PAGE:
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Figure 1. Proposed nanobioreactor model. (R = reactant, I = intermediate, P = product and E1, E2 = enzymes)

A bacterial microcompartment (BMC) is a polyhedral protein complex that encapsulates enzymes involved in specific metabolic pathways. BMCs were first observed by microscope in cyanobacteria the 1950’s. By the late 1990’s, it had become clear that these proteinaceous structures are produced by many types of bacteria, and serve various functions (Yeates et al. 2008). There are multiple examples of BMC’s occurring in nature: the carboxysome found in cyanobacteria and chemoautotrophic bacteria, the propanediol utilization compartment found in enterobacteria, as well as the ethanolamine utilization (Eut) compartment used in this project, also found in enterobacteria. By sequestering enzymes and substrates together in an enclosed space within the cell, the overall reaction efficiency is greatly improved. In some species, BMCs localize toxic compounds with enzymes that convert them into benign compounds. In this way a bacterial cell can ensure that the problematic intermediate is not released into the cell cytoplasm.

BMCs are ideal for iGEM because they could be harnessed as nanobioreactors for metabolic engineering. Interest in BMCs and their natural functions has grown in recent years. With increasing availability of information of their properties, BMCs are becoming more practical for applications in synthetic biology. Engineering a BMC to house an enzymatic pathway would increase the efficiency of the process, and would also quarantine any toxic intermediates (Figure 1).

Our goals were to develop E. coli that express a recombinant BMC, and develop a system for targeting proteins to be encapsulated within that compartment. We chose to use the Ethanolamine utilization (Eut) shell from Salmonella enterica because this species has been shown to produce these structures and they have been well characterized (Penrod & Roth, 2006). The ethanolamine utilization operon from Salmonella enterica strain LT2 is composed of 17 genes (Figure 2). Of these, only five possess BMC associated domains and are believed to be components of the Eut microcompartment (Figure 3). In Salmonella enterica this organelle-like structure localizes the enzymes required for ethanolamine utilization and prevents acetaldehyde, a volatile intermediate, from diffusing into the cytoplasm (Figure 4).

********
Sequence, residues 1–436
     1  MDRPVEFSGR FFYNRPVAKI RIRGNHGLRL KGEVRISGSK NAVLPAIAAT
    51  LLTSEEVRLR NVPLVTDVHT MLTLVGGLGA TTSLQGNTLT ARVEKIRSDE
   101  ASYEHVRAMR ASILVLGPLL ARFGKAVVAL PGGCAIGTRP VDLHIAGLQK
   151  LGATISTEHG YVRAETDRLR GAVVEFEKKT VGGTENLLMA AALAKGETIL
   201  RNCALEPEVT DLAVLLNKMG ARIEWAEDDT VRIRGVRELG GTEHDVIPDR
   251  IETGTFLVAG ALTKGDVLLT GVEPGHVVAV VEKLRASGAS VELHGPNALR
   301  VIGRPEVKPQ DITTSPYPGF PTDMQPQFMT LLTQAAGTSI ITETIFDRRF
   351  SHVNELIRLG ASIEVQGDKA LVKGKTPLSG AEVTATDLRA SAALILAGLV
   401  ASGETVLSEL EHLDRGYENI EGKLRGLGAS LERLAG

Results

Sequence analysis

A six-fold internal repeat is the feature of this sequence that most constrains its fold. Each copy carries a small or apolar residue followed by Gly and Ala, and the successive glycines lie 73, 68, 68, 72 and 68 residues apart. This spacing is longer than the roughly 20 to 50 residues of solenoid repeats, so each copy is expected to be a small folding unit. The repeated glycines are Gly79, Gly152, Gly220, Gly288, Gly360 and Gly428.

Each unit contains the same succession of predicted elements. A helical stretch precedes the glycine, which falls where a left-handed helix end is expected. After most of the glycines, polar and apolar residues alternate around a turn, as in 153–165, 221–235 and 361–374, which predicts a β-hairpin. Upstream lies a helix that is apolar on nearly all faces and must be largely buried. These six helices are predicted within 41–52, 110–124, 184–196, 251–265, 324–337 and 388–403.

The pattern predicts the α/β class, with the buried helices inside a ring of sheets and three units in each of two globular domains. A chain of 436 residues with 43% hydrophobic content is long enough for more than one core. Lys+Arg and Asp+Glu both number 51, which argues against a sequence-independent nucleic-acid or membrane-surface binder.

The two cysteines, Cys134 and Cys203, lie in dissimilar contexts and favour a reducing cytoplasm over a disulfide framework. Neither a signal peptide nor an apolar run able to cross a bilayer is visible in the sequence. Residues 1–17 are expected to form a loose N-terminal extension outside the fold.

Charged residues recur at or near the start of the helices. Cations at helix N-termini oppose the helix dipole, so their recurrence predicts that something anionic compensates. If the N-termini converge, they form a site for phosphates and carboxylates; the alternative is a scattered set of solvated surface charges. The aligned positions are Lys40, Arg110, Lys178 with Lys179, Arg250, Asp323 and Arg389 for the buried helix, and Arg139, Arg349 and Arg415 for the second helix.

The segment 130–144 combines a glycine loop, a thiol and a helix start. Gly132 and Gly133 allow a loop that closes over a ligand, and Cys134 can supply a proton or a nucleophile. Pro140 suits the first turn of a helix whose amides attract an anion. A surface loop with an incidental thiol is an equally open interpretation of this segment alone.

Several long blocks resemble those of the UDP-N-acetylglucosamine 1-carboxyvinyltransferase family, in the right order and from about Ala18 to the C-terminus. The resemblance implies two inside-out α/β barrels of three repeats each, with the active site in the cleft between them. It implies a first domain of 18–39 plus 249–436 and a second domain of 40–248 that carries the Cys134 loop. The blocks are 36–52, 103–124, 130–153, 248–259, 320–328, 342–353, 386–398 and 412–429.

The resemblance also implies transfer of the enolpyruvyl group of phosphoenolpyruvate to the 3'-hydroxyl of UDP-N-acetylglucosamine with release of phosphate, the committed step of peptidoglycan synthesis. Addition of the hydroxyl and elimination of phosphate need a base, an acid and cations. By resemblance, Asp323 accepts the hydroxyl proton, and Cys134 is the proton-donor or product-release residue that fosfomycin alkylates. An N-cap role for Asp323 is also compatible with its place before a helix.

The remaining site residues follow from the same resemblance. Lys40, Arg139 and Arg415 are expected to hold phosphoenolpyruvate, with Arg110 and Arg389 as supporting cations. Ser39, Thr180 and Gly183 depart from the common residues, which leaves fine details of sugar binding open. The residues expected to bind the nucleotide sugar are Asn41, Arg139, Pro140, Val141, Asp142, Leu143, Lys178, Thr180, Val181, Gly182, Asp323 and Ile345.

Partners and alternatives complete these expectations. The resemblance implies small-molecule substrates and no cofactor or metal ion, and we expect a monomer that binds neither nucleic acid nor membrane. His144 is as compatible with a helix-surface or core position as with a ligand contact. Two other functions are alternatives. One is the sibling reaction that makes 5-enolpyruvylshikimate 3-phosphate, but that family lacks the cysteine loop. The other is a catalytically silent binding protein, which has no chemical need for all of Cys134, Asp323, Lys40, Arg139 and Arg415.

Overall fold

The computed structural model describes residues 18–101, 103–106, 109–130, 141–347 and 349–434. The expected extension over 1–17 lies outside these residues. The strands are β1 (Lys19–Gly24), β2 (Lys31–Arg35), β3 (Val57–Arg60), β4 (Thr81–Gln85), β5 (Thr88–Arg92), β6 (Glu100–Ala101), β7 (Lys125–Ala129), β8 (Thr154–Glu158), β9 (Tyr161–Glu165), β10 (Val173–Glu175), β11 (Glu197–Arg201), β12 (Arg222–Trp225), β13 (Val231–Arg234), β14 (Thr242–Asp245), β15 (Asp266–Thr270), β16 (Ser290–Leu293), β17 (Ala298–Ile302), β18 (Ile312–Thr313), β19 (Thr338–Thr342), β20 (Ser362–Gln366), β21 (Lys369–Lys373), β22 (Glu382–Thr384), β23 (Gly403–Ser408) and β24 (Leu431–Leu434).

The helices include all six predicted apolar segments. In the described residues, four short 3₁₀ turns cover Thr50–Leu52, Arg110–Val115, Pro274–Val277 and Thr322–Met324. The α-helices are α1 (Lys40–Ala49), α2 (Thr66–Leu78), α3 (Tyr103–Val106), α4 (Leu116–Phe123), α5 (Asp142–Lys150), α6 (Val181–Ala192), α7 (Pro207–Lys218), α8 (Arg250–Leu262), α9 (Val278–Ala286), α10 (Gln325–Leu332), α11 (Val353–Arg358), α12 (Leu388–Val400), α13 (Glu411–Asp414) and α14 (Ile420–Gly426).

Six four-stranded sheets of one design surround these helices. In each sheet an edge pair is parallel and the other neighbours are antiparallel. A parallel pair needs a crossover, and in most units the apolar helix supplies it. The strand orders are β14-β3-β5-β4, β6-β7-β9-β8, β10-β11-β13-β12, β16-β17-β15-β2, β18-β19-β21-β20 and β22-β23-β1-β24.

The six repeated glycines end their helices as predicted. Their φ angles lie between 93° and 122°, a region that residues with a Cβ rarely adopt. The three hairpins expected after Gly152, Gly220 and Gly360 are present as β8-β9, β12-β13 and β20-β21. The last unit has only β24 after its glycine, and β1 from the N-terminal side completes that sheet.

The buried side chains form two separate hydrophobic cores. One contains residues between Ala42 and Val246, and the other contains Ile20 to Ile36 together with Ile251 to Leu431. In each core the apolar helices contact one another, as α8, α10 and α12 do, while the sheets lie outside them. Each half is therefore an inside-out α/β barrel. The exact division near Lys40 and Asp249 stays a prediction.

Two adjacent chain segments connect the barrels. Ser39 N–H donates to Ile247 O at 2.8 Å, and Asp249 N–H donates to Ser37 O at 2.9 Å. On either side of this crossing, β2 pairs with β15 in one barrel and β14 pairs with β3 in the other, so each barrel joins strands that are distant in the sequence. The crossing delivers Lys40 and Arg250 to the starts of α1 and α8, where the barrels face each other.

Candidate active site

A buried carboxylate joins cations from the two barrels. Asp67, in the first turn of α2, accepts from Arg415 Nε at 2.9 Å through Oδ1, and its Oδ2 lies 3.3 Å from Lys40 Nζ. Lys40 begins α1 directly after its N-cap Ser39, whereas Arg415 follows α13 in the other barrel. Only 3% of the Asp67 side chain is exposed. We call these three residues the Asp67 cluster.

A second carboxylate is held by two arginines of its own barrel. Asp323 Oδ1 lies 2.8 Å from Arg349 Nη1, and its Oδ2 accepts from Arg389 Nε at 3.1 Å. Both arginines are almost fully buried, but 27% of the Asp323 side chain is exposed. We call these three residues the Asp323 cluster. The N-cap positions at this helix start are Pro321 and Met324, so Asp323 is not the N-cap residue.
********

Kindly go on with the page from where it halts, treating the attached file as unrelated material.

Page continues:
Figure 2. The 17 genes of the Eut operon. S, M, N, L, and K are believed to be components of the shell structure.
Figure 3. Model of the Eut Shell structure.
Figure 4. Model for the metabolism of ethanolamine in the Eut BMC. Ethanolamine enters the compartment which is believed to be composed of EutS, M, N, L, and K. It is then converted into acetaldehyde by EutBC. The compartment prevents acetaldehyde from diffusing away. EutG converts acetaldehyde to ethanol. EutE also converts trapped acetaldehyde into acetyl-CoA. This is then phosphorylated by EutD. Acetyl-phosphate and ethanol can then freely diffuse out of the compartment (adapted from Brinsmade et al. 2005)


The five Eut proteins possessing BMC domains are the EutS, M, N, L, and K gene products. The first step in this project was to isolate these genes from genomic S. enterica DNA, specifically strain LT-2. Gene-specific primers containing 5' BglII and 3' NotI sites were designed for the five genes. EutL and EutK were cloned as a single PCR fragment, as were EutM and EutN (Figure 5). EutS was cloned separately. Each PCR product was ligated into the biobrick-compatible pUCBB plasmid (Johnson et al., manuscript in preparation). The EutMN construct was digested with EcoRI and SpeI and gel purified to prepare an entry fragment. The EutLK construct was linearized with EcoRI and XbaI. A EutMNLK construct was obtained by ligating the EutMN fragment into the linearized pUCBB-EutLK plasmid. This EutMNLK plasmid was then linearized with EcoRI/ XbaI and a final ligation was performed with EcoRI/SpeI digested EutS as the entry fragment. For submission to the iGEM competition the full EutSMNLK fragment was ligated into the psb1C3 vector. All completed constructs were confirmed by DNA sequencing.

Figure 5. Cloning and stacking of Eut BMC biobricks.

To demonstrate that these genes can be expressed in a new bacterial host, these plasmids were transformed into E. coli and analysis of the protein produced was performed by SDS-PAGE. As shown in figures 6 and 7, our results indicate that E. coli are able to express the Eut BMC Genes. The observed overexpressed-protein bands match the predicted sizes of the recombinant proteins. pUCBB-GFP total cell lysate was used as a negative control in this experiment.

Figure 6. SDS-PAGE gel showing recombinant Eut protein expression in E.coli
Figure 7. SDS-PAGE gel showing expression of Eut SMNLK proteins from stacked biobricks. #5 and #6 are protein extracts from two independent E. coli colonies